There’s nothing wrong with being an expert, but I think there is a problem when the expert is connected to the agency that pushes for world-wide adherence to its strict policies and is in business to make money.

Wadler is involved with WADA but seldom is identified as being connected to the anti-doping agency. Why newspapers ignore that connection is puzzling. I used to raise that issue at The New York Tines [sic], but the Times is probably the leading newspaper in Wadler quotes.

In other columns written today by writers about whom I have mixed feelings, William Rhoden, still of the Times, wrote today about a funny feeling in New England: peace.  Rhoden’s thesis is that winning two championships in the last decade have caused Sox fans to mellow out a bit.  This blogger, however, is not buying that explanation.  Thankfully, Rhoden includes a bit of reality (aside from his anecdotal evidence provided by three Sox fans) from Red Sox Manager Terry Francona:

After Tuesday’s exhilarating victory at Fenway, Terry Francona passed through the Red Sox’ clubhouse. He didn’t feel the peace. He wasn’t buying the idea that because of World Series championships in 2004 and 2007, there was a diminished sense of doom when the Red Sox lost.

Francona shook his head. “The sky is still falling,” he said.

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Cleaning up the Reader

Matt and I created an email for comments, tips, corrections and rants.  Since we’re squeezing every bit of creative energy into our posts, we didn’t waste any of it on the email address: we can be reached at baseballjeremiad@gmail.com.

One of the motivations for setting up a gmail account was the usage of a GoogleReader.  For those of you not familiar, it’s basically a souped up, sortable RSS feed.  For those of you who don’t know what an RSS feed is, it’s basically a sole webpage that receives updates from any websites or blogs that you’ve flagged.  In other words, it’s one stop shopping for baseball news.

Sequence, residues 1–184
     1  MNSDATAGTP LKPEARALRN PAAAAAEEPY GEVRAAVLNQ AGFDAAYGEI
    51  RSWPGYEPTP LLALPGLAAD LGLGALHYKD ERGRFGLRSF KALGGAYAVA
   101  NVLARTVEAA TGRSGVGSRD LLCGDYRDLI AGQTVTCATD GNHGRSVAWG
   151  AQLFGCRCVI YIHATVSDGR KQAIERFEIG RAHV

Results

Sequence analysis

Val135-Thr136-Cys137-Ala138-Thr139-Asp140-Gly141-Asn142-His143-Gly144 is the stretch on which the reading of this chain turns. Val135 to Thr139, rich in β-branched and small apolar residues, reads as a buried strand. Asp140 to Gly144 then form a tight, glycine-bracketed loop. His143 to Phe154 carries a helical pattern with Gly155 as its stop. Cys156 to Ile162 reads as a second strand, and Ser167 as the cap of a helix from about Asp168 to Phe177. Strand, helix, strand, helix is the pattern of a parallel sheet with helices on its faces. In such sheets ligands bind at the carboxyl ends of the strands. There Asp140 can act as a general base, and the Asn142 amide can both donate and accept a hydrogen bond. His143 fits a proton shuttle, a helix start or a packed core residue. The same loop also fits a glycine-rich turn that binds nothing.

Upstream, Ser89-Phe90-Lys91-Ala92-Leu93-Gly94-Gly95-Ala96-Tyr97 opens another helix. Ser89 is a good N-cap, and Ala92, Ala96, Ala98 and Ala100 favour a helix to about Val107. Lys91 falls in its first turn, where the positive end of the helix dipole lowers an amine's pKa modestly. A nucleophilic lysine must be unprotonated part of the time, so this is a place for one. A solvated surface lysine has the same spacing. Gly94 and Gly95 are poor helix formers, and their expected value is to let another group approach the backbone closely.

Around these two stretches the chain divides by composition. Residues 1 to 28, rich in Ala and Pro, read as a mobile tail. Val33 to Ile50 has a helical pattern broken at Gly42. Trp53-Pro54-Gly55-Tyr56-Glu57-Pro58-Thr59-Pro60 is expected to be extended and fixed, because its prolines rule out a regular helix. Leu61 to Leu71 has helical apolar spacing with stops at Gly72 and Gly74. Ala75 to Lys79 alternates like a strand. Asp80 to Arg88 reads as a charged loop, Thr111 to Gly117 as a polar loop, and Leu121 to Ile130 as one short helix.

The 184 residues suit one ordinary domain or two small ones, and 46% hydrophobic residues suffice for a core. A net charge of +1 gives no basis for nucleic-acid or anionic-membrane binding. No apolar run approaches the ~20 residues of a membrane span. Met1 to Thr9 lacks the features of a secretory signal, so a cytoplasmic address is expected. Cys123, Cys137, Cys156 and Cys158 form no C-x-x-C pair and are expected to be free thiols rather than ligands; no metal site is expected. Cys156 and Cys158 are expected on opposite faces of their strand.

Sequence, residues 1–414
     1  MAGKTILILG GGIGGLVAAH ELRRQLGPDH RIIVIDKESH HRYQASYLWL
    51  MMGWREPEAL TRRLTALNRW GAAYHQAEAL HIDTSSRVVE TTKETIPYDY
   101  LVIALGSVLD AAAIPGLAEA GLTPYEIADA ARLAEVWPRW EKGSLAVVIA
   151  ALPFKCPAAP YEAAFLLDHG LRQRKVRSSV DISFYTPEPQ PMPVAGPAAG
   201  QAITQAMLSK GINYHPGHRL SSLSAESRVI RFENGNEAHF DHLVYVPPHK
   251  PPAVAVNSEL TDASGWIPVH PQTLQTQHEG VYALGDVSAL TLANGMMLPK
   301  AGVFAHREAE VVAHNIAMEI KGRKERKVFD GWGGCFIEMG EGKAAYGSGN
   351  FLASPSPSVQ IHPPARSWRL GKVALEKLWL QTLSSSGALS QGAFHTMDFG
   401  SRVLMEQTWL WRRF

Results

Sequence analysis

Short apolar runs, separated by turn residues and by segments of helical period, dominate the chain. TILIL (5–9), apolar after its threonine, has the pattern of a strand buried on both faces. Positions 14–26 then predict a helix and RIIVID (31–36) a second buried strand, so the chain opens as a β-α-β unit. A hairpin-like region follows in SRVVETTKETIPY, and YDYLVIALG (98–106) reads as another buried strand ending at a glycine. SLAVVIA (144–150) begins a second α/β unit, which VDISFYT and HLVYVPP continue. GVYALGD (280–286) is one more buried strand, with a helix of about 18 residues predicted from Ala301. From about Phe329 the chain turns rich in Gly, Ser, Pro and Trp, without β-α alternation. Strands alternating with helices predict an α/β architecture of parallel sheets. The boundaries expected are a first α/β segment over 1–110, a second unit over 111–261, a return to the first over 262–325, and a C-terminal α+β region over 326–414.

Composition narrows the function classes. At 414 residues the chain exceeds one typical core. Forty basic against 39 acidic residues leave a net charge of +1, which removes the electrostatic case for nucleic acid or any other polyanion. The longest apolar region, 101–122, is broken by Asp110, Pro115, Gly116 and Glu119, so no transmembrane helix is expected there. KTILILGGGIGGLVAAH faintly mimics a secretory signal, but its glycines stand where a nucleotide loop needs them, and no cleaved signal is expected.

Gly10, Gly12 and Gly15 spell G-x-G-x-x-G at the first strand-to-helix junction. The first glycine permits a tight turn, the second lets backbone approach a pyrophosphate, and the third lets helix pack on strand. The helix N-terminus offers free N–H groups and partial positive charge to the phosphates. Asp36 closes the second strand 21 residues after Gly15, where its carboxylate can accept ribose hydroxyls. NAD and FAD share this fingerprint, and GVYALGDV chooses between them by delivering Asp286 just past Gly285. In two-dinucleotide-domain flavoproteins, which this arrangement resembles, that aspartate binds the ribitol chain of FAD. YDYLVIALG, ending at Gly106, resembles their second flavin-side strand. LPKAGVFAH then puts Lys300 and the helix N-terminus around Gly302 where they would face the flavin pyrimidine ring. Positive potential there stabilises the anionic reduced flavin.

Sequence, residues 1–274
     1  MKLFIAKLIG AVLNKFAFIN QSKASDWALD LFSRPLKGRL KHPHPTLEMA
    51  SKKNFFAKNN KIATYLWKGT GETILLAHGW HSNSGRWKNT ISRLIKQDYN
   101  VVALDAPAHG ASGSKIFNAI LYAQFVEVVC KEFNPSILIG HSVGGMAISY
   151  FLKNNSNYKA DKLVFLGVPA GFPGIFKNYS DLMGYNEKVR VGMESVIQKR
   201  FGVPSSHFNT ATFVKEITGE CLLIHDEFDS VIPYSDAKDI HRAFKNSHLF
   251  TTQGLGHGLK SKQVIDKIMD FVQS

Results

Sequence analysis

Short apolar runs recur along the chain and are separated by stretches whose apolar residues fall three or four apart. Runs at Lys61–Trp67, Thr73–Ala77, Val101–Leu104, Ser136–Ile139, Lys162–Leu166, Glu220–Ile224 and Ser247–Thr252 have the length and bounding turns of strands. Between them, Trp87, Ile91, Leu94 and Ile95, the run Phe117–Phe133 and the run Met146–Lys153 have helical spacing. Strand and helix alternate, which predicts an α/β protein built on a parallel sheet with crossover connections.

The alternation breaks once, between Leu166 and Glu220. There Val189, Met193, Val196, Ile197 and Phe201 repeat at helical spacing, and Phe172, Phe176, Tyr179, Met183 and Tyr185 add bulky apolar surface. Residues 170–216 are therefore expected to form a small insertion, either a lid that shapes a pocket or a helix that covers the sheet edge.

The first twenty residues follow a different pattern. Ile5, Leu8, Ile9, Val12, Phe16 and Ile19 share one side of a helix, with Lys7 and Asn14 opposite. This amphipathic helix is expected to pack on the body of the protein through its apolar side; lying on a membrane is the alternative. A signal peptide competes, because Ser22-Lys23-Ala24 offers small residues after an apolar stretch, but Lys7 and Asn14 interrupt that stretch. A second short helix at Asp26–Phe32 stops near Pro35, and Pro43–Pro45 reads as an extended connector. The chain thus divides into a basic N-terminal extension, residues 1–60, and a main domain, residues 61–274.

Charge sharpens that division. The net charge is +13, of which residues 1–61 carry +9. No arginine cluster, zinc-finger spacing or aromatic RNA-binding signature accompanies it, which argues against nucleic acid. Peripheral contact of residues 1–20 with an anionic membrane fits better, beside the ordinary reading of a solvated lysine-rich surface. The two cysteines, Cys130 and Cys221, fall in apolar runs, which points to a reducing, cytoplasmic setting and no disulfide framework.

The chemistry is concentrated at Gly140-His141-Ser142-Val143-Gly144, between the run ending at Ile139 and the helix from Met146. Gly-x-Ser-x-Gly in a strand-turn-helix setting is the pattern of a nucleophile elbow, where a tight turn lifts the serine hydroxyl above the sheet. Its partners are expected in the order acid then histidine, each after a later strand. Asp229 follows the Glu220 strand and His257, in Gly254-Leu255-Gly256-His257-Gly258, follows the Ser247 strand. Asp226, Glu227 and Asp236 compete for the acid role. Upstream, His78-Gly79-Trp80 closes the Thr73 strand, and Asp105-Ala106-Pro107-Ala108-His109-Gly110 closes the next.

Perhaps the sole disadvantage of the Google Reader is that links can pile up rather quickly.  Moreover, since I’m subscribed to several links for each team I’ll be covering, there’s plenty of overlap.  As a result, from time to time, Matt or I will plow through the GoogleReader and link some stories and posts of interest that we may have previously missed. 

That being said: on to the links…

I’d kill for Rob Neyer’s GoogleReader.  Here are his Monday links.

Remember those vultures?  They’re baaaack.

Power Rankings.

Somehow, I think Gary Matthews Jr. belongs on this list.  Then again, Wells, Guillen and Soriano are mighty large albatrosses in their own rights.

When not spitting vituperation, Murray Chass is a pretty good baseball columnist.

Taking an Oh-Fer in a 20-inning game will do a number on the stat line — especially when it’s only April.

I think I’m going to need to read The Eastern Stars by Mark Kurlansky.

That’ll be enough to waste away your morning in a government office, now won’t it?

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Baseball Musings

  • Adam Dunn could become only second player ever to have higher number of strikeouts than BA (currently 157 K and .163). First was M Reynolds. 5 years ago
  • At least the New York Times remembers the Expos... http://fb.me/BhzEslEO 7 years ago
  • MLB Network on Sabathia: "CC is one of the few pitchers in the league who is his own batting eye." 7 years ago
  • Sabathia vs. Halladay tonight: noted hitting hurler Sabathia is hitting .500 against Cy Young winners (okay, he's 1 for 2 against Johan) 7 years ago
  • RT @jaysonst: Now that Stephen Strasburg has pulled into town, the most important era in Nationals history has officially begun. http:// ... 7 years ago